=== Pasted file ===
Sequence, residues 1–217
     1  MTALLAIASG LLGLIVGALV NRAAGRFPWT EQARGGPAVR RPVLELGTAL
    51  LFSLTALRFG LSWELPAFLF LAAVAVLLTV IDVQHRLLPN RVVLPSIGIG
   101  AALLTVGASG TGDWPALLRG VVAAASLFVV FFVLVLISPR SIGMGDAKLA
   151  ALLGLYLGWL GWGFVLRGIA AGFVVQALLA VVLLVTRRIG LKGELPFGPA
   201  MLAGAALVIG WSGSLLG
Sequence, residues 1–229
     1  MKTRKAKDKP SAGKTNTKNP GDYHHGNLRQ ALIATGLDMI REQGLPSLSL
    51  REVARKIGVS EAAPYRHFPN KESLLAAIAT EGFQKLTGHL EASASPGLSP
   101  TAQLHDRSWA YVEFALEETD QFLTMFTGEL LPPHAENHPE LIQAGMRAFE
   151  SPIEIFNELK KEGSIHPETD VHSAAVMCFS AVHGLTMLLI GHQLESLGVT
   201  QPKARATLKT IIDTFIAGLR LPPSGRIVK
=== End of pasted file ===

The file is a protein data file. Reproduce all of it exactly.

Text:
Sequence, residues 1–217
     1  MTALLAIASG LLGLIVGALV NRAAGRFPWT EQARGGPAVR RPVLELGTAL
    51  LFSLTALRFG LSWELPAFLF LAAVAVLLTV IDVQHRLLPN RVVLPSIGIG
   101  AALLTVGASG TGDWPALLRG VVAAASLFVV FFVLVLISPR SIGMGDAKLA
   151  ALLGLYLGWL GWGFVLRGIA AGFVVQALLA VVLLVTRRIG LKGELPFGPA
   201  MLAGAALVIG WSGSLLG
Sequence, residues 1–229
     1  MKTRKAKDKP SAGKTNTKNP GDYHHGNLRQ ALIATGLDMI REQGLPSLSL
    51  REVARKIGVS EAAPYRHFPN KESLLAAIAT EGFQKLTGHL EASASPGLSP
   101  TAQLHDRSWA YVEFALEETD QFLTMFTGEL LPPHAENHPE LIQAGMRAFE
   151  SPIEIFNELK KEGSIHPETD VHSAAVMCFS AVHGLTMLLI GHQLESLGVT
   201  QPKARATLKT IIDTFIAGLR LPPSGRIVK